Alarmo E.-L.,University of Tampere |
Alarmo E.-L.,Fimlab Laboratories |
Huhtala H.,University of Tampere |
Korhonen T.,University of Tampere |
And 8 more authors.
Modern Pathology | Year: 2013
Bone morphogenetic proteins (BMPs) are extracellular signaling molecules that belong to the transforming growth factor β (TGFβ) superfamily and are known to regulate cell proliferation, differentiation and motility, especially during development. BMP4 has an indispensable role in vertebrate development while limited information on BMP4 expression and function exists in adult tissues. Nevertheless, its contribution to cancer development and progression has gained increasing interest in recent years. Functional studies, especially in breast cancer, have implicated BMP4 both in inhibition of cell proliferation and in promotion of cell migration and invasion. To gain an insight into the function of BMP4 in normal and cancer tissues, BMP4 protein expression levels were analyzed by immunohistochemistry in 34 different normal organs/tissues, 34 different tumor types and finally in 486 breast cancer samples where possible associations between BMP4 and clinicopathological parameters were statistically evaluated. In over 20% of normal and malignant tissues, BMP4 was expressed at high level. Strong expression was observed particularly in some normal epithelial cells, such as bladder and stomach, and in squamous cell carcinomas. In breast cancer, strong BMP4 expression was detected in 25% of patients, and was associated with low proliferation index and increased frequency of tumor recurrence. Taken together, BMP4 is expressed in a subset of normal adult tissues and is likely to contribute to tissue homeostasis. However, in tumors, BMP4 expression levels vary considerably, implying diverse roles in different tumor types. This role is biphasic in breast cancer as BMP4 expression is linked to reduced proliferation and increased recurrence, thus corroborating our previous in-vitro functional data. © 2013 USCAP, Inc.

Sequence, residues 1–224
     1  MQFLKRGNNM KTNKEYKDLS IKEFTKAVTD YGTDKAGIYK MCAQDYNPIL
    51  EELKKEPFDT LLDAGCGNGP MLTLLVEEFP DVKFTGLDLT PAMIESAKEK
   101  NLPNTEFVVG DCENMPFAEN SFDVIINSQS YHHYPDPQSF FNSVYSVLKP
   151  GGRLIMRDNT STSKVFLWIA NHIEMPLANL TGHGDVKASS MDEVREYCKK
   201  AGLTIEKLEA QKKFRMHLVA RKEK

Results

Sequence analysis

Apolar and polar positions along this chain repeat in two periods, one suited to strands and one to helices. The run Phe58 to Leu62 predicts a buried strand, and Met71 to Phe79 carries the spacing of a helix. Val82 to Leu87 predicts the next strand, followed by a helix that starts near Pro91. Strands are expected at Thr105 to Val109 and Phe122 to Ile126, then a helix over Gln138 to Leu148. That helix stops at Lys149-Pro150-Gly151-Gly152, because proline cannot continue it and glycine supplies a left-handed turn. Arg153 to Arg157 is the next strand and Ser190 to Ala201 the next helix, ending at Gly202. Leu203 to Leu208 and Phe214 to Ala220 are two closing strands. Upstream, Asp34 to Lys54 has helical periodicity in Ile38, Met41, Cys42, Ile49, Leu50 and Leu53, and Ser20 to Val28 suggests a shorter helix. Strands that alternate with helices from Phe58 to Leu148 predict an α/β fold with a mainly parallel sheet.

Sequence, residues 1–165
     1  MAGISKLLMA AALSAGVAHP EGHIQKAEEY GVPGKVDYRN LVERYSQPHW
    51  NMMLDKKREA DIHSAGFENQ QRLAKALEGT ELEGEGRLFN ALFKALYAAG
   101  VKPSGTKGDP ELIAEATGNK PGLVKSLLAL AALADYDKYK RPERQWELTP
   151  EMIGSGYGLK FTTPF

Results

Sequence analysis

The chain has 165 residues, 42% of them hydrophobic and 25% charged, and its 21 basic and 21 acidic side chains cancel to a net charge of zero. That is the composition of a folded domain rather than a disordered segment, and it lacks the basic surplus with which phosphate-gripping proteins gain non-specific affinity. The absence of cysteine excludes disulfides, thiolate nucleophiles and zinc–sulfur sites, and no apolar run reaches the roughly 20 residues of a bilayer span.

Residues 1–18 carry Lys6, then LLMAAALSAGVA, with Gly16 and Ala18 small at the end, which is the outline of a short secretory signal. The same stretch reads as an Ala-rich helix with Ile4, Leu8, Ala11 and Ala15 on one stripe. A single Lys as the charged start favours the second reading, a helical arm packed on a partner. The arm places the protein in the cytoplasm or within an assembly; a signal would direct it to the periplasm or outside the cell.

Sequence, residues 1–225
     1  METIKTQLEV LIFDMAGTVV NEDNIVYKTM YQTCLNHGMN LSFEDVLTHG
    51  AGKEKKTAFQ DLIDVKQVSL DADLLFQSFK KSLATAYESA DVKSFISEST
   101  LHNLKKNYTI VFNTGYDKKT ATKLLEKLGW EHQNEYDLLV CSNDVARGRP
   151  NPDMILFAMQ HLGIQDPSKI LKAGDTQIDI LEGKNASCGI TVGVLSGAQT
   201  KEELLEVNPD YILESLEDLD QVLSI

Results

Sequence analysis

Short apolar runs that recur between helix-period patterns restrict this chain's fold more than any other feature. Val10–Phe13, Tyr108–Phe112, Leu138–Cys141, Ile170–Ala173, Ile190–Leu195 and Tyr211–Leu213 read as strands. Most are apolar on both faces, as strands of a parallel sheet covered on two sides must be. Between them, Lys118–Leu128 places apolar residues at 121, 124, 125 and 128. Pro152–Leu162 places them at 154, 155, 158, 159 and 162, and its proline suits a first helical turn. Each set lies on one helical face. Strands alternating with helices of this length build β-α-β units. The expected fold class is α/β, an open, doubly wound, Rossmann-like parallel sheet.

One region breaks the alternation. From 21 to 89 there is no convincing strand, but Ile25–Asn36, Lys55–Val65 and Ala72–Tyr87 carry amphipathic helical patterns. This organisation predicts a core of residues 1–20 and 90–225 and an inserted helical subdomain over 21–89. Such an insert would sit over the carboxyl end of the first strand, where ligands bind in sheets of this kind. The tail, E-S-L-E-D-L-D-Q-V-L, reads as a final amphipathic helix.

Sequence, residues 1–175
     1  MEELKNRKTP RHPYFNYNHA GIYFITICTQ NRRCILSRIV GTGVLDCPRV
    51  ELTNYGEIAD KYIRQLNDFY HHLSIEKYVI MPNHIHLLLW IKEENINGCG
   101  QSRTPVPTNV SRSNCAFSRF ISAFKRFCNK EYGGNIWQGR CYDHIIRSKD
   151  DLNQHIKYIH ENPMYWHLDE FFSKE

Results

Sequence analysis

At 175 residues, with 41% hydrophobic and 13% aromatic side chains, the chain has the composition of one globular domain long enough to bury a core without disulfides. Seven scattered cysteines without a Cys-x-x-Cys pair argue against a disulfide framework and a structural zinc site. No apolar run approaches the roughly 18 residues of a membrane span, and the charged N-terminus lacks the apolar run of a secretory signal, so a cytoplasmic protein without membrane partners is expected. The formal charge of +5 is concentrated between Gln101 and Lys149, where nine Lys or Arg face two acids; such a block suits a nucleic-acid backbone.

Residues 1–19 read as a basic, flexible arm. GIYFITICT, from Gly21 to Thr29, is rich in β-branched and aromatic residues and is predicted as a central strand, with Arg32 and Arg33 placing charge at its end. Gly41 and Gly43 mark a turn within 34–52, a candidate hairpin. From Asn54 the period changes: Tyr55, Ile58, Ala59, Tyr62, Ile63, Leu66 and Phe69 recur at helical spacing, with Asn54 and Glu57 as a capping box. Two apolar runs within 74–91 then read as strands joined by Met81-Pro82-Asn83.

Jylhava J.,University of Tampere |
Lehtimaki T.,University of Tampere |
Jula A.,Finnish National Institute for Health and Welfare |
Moilanen L.,Kuopio University Hospital |
And 5 more authors.
Atherosclerosis | Year: 2014
Cell-free circulating DNA (cf-DNA) has recently arisen as a promising biomarker in acute cardiovascular pathologies and as a mortality predictor in myocardial infarction. We wanted to investigate whether the baseline cf-DNA concentration could serve as an indicator of increased cardiovascular risk and early atherosclerosis. The study population consisted of 1337 participants (aged 46-77 years) in the Health 2000 Survey. cf-DNA was quantified directly in plasma using the fluorescence-based Quant-iT™ high-sensitivity DNA assay kit. Increased cf-DNA levels paralleled a cluster of cardiometabolic risk factors, such as high blood pressure, unfavorable lipid metabolism profile and systemic inflammation in both sexes. In addition, higher cf-DNA levels indicated decreased arterial elasticity and glucose intolerance in women not using hormonal replacement therapy (HRT). The cf-DNA level was also observed to be an independent determinant for Young's elastic modulus but not for carotid artery compliance or beta stiffness index in the women not using HRT. Hence, we conclude that cf-DNA could serve as an auxiliary biomarker in cardiometabolic risk assessment and as an indicator of arterial stiffness in women not using HRT. © 2014 Elsevier Ireland Ltd.